Nery Esperanza FUENTES-ARGUETA, Petitioner, v. IMMIGRATION AND NATURALIZATION SERVICE, Edward McElroy, District Director of INS, Janet Reno, United States Attorney General, Respondents.
The petitioner, a citizen of El Salvador, was arrested for allegedly entering the United States without inspection by U.S. immigration officials. The Immigration Judge (“IJ”) assigned to her case sent her notice of a February 9, 1993, deportation hearing by certified mail to her address in Jamaica, New York. Although postal records indicate that delivery of the notice was attempted on two separate occasions and notification was left that the post office was holding a delivery for the petitioner, no one signed for the delivery or claimed the mailing at the post office. Accordingly, the notification was ultimately returned to the IJ as “unclaimed.” As the petitioner failed to attend the February 9 hearing, the IJ entered an order of deportation in absentia. The petitioner argues that, under these circumstances, she was not afforded the notice required under § 242B of the Immigration and Nationality Act, 8 U.S.C. § 1 et seq. (the “Act”), and the Due Process Clause of the Fifth Amendment, and that it was therefore improper for the IJ to enter an in absentia order of deportation. In addition, based on the IJ's initial failure to recognize attorney Bruno Joseph Bembi as her counsel of record, the petitioner argues that the IJ interfered with her constitutional and statutory right to counsel in deportation proceedings.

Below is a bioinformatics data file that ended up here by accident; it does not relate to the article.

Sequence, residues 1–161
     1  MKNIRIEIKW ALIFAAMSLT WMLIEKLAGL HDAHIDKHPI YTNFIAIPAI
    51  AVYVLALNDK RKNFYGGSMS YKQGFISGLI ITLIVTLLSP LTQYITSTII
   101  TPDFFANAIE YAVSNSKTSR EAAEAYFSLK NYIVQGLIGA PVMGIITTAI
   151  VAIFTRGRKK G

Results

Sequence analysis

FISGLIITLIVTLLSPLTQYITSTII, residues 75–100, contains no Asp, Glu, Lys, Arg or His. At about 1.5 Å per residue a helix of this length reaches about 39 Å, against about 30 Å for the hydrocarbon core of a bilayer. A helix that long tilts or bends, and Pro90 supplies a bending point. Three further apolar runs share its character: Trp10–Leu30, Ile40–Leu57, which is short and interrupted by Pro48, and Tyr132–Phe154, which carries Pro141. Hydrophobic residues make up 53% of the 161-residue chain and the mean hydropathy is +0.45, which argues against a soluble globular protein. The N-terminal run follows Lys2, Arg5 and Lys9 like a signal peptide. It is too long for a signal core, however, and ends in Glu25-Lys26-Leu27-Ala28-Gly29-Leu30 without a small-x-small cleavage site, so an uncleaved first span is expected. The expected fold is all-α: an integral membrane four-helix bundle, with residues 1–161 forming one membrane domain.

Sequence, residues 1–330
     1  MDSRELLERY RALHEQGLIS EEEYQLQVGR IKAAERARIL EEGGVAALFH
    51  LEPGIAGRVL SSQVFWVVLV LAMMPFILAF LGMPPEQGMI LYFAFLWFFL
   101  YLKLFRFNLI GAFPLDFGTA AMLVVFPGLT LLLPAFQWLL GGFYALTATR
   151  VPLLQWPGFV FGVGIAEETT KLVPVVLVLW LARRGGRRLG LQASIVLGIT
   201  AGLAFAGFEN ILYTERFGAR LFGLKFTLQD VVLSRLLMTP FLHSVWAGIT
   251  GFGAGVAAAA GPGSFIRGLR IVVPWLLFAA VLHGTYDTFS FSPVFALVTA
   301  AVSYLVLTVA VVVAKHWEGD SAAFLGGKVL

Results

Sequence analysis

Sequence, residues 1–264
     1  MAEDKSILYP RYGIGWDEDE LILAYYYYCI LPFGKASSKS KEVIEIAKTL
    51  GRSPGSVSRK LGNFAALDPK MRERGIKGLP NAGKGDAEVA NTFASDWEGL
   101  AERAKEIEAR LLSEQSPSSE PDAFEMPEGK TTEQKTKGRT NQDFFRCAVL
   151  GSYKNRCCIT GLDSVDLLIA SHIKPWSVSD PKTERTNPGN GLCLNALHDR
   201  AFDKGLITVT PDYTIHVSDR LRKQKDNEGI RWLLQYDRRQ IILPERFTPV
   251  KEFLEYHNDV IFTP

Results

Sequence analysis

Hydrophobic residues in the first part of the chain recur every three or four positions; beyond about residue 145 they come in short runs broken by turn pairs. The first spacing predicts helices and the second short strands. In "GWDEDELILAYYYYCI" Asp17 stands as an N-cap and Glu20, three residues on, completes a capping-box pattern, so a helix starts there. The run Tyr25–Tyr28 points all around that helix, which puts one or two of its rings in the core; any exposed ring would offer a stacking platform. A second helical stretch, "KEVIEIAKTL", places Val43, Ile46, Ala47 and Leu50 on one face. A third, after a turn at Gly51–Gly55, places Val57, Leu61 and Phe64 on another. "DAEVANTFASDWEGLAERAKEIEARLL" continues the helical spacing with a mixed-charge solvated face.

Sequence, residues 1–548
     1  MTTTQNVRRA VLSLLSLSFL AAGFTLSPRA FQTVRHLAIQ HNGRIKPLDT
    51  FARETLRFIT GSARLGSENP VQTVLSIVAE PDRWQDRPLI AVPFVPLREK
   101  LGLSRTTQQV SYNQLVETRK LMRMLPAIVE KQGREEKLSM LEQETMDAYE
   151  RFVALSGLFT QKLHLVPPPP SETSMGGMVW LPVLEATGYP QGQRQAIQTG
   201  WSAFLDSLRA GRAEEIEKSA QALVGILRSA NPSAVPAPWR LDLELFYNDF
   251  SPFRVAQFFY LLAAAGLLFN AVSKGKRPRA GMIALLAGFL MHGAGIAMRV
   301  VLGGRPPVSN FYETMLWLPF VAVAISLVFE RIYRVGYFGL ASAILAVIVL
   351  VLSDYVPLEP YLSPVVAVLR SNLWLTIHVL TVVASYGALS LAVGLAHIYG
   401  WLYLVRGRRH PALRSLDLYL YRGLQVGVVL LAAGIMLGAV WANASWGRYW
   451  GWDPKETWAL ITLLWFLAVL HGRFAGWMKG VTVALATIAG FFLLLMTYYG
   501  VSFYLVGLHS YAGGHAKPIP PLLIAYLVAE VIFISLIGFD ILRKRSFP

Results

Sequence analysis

We find these claims to be without merit. The Board of Immigration Appeals (“BIA”) has previously found that, where an alien is sent notice of an upcoming deportation hearing by certified mail, the fact that the notice is returned “unclaimed” does not render that notice inadequate under the § 242B provision governing in absentia deportation orders. Rather, the BIA has applied a presumption that, so long as the IJ sent proper notification to the alien's last known address by certified mail, notice was adequate, unless the alien can present evidence that the post office did not in fact attempt to deliver the notice or that any attempted delivery was somehow performed improperly. We find this to be a reasonable interpretation of the Act and one that comports with the requirements of Due Process. In this case, the BIA did not abuse its discretion in upholding the IJ's refusal to reopen petitioner's deportation proceedings based on its conclusion that the petitioner had failed to rebut the presumption of adequate delivery of notice. Nor do we find any merit in the petitioner's claim that she was denied assistance of counsel in her deportation proceedings.
The petitioner, Nery Esperanza Fuentes-Argueta (“Fuentes” or “petitioner”), was arrested at or near Laredo, Texas, on August 24, 1992. A citizen of El Salvador, she is alleged to have crossed the border from Mexico into Texas on August 23, 1992, without inspection by U.S. immigration officials in violation of 8 U.S.C. § 1251(a)(1)(B). Although she was released from custody, Fuentes was served with an order to show cause why she should not be deported. The order informed her that she would subsequently receive notice of the time, date, and location of her deportation hearing.